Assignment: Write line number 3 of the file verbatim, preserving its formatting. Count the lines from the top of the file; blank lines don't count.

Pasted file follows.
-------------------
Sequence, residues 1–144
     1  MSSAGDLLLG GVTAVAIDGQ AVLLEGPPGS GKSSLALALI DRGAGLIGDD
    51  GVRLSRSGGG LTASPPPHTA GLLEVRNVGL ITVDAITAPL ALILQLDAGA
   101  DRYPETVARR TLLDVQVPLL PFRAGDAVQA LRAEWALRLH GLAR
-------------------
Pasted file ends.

    51  GVRLSRSGGG LTASPPPHTA GLLEVRNVGL ITVDAITAPL ALILQLDAGA